* FY12 fiscal gap to be "significantly" worse
* Ahluwalia says credibility depends on fiscal correction
* Uncapped petroleum subsidy a "danger"
* Government has "run out of fiscal space"
(Recasts, adds more details, background and quotes)
By Rajesh Kumar Singh and John Chalmers
NEW DELHI, Jan 11 India risks undermining
the credibility of its economic outlook if it fails to reform
its public finances, one of the country's top policy advisers
warned on Wednesday as the cash-strapped government gears for a
dramatic widening of its fiscal deficit.
With a slowing economy, a sharp decline in investment and
high oil prices upsetting its budget calculations, Prime
Minister Manmohan Singh's government is under growing pressure
to curb spending as it heads into the 2012/13 fiscal year.
New Delhi is widely expected to miss by a long chalk its
deficit target of 4.6 percent of GDP for the fiscal year that
ends this March.
Montek Singh Ahluwalia, deputy chairman of the Planning
Commission, said the government must now send out a "credible"
signal through its budget announcement in mid-March to shore up
investors' faith in India's macro-economic fundamentals.
"The markets have to know that the government is not
unconcerned about the fiscal deficit, and I am sure the finance
minister will be aware that the credibility of our macro stance
next year depends upon both the extent and the quality of the
fiscal correction," Ahluwalia said in an interview.
SAME OLD ADAGE
His prescription for reforming public finances is the same
decades-old Indian adage: "contain petroleum and fertiliser
However, tinkering with subsidies has proved too tough for a
succession of governments in a country where welfare schemes for
the poor and subsistence farmers help political parties win
The reformists in the government managed to get gasoline
prices deregulated in June 2010. At the same time, they
succeeded in getting a plan to free up - over a period of time -
prices of diesel, which makes up about 75 percent of fuel
consumption in India.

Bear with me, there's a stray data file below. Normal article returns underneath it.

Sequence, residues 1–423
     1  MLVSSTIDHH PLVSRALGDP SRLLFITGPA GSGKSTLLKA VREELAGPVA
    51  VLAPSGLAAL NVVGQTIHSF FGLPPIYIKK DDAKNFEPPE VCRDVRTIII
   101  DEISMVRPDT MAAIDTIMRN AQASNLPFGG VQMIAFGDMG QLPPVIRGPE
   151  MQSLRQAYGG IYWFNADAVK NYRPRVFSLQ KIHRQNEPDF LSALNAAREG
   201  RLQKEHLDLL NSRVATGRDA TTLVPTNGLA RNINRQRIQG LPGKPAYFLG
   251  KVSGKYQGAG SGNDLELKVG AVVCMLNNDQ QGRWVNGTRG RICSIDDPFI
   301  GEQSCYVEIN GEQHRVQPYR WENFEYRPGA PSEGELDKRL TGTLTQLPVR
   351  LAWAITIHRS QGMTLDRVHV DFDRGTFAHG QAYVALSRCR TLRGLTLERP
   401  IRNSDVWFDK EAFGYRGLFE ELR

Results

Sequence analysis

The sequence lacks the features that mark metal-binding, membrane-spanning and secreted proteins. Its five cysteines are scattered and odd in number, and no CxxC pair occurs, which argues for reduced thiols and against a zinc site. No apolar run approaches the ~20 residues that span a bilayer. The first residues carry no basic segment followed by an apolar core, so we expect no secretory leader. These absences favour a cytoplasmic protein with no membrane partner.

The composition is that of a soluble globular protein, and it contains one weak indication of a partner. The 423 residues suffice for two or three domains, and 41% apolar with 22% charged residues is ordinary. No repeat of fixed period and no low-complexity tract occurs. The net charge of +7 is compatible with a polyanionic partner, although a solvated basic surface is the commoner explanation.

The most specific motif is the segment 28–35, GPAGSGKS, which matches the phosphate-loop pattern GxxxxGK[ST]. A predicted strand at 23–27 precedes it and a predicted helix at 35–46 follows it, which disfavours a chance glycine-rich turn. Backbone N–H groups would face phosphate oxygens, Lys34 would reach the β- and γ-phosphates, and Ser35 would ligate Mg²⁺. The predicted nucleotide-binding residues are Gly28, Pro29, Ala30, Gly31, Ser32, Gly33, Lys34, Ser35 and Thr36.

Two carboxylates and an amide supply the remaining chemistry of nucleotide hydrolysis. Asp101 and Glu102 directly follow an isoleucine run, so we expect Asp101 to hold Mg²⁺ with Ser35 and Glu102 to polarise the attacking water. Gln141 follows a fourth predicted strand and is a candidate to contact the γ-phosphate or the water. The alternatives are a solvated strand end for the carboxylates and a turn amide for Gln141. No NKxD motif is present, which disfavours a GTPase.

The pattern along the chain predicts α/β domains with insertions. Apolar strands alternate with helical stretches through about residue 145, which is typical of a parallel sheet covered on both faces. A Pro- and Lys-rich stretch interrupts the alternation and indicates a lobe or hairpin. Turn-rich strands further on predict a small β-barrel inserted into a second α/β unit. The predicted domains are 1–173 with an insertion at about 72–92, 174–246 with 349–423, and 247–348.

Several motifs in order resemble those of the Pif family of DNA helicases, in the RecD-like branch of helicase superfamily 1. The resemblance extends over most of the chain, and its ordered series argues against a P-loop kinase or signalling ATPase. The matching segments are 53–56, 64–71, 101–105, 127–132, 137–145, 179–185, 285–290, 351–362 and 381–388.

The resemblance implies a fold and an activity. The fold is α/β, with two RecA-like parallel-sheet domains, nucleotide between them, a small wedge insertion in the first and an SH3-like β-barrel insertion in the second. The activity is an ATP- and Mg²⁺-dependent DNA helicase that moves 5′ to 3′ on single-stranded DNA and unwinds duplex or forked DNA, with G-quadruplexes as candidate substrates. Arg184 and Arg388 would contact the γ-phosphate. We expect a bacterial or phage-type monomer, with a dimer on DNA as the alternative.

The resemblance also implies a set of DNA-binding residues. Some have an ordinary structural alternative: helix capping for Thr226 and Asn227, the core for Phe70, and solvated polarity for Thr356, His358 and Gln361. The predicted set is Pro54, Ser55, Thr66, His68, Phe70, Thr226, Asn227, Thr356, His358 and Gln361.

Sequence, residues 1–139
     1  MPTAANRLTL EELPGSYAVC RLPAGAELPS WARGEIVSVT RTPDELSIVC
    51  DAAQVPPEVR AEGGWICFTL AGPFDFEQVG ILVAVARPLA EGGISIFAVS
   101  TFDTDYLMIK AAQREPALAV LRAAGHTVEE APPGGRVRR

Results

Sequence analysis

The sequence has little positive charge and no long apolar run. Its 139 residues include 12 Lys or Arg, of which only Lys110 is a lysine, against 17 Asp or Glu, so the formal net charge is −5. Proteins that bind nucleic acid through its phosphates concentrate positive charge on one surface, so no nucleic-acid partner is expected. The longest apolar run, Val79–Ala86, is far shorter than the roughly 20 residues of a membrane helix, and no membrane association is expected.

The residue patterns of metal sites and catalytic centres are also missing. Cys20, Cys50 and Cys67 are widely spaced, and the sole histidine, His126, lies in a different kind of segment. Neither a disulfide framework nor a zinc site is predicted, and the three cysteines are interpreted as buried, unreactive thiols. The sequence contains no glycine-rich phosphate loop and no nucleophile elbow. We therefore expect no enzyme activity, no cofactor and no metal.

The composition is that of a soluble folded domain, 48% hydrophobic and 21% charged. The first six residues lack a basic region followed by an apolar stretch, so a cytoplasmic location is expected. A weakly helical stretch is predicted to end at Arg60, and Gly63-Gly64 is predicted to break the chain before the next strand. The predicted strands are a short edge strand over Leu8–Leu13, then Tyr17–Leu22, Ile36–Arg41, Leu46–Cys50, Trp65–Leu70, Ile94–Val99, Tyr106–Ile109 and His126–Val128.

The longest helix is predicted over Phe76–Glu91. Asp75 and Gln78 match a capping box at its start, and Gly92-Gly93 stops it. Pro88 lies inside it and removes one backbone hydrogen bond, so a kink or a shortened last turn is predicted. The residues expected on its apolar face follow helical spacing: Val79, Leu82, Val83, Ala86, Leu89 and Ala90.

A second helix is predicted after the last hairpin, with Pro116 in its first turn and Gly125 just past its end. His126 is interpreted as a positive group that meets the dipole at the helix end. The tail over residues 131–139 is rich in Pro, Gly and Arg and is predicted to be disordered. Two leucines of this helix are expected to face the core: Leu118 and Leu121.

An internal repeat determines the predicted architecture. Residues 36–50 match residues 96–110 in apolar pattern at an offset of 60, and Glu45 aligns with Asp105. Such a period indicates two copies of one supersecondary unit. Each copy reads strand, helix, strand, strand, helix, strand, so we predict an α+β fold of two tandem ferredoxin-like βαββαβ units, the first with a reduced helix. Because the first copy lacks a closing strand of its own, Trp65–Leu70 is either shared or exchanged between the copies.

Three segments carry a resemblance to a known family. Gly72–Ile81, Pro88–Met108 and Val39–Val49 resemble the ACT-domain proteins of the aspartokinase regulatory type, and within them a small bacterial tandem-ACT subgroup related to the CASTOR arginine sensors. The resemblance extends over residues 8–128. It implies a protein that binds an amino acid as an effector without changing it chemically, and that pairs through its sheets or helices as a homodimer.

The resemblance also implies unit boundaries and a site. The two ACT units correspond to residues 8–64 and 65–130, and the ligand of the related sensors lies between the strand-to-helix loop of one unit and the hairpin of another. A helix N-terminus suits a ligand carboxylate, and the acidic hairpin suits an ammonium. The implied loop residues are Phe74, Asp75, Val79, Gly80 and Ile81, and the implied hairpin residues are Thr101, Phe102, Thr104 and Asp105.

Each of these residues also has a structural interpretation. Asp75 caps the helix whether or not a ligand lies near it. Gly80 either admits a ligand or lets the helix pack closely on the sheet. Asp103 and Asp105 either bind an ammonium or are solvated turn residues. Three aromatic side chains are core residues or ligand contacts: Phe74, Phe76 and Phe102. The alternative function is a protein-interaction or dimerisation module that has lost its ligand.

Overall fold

Since then, however, diesel prices have been raised just
once and the fuel continues to be sold like kerosene and cooking
gas at state-fixed prices.
Ahluwalia conceded that reforming the petroleum subsidy
would not be easy, but said the government must move forward on
this after elections in five states over the next two months.
"If you were to say: 'should the government give a credible
signal?' It is a very tough signal to give. But I agree it
should give a credible signal."
Subsidies have long been the bane of India's public
finances. Spending on subsidies is expected to have risen by 1
trillion rupees ($19.3 billion) in 2011/12 from a budgeted
estimate of 1.3 trillion ($25 billion).
With an economic slowdown hitting revenues, the government
is forced to rely on market borrowing to fund its hefty subsidy
bill. It has already increased its borrowing for 2011/12 by 22
percent from a budgeted 4.17 trillion rupees.
"I am quite sure that the government is very concerned to
convey a sense that, like other countries, we have run out of
fiscal space and we should now begin the process, seriously, of
fiscal consolidation," Ahluwalia said.
BLAME FISCAL PROFLIGACY
India's economic growth has been slowing due to a
combination of feeble growth in the United States and Europe, a
prolonged spell of monetary tightening to tame high inflation,
and a decision-making paralysis in the federal government.
While many government officials blamed the central bank's 13
rate hikes for the deceleration of growth to around 7 percent in
the current fiscal year, Ahluwalia put the blame on fiscal
profligacy that has pushed up the cost of debt for private
"Even if the Reserve Bank of India had not raised the repo
rate, if the fiscal deficit expands, which it did ... this would
have led to a squeeze on credit and higher interest rates."
Investment proposals in India plunged 45 percent to a
five-year low in 2011 as firms halted projects, citing
hassles, a move which could worsen the growth slowdown in 2012,
according to data from the Centre for Monitoring Indian Economy.
Ahluwalia, a close aide of Prime Minister Singh, said the
government is trying to speed up execution of investment
projects by addressing bottlenecks.
"A visible demonstration that there is an accelerated
processing of these projects will send a signal that the
government is actually quite concerned," he said.
GHOST OF 1991
A combination of slowing growth and widening fiscal and
current account deficits is weighing on the Indian rupee. The
rupee was the worst performer among Asian currencies
last year, losing close to 16 percent against the dollar.
This has raised the spectre of a balance of payment crisis
for India like the one it faced almost 20 years ago, when the
central bank was forced to airlift 47 tonnes of gold to Europe
as collateral for a loan to avert a sovereign default.
Ahluwalia, who was involved in navigating the economy out of
that crisis, rejects such concerns as "complete nonsense",
saying the economy is now better equipped to handle any shock
arising from a spike in oil prices.
"Nobody can rule out a balance of payment crisis, if the oil
price shoots up to $150, we will have a balance of payment
crisis," he said. "We have more than enough cushion to take
($1=51.89 Indian rupees)
(Editing by Ron Askew)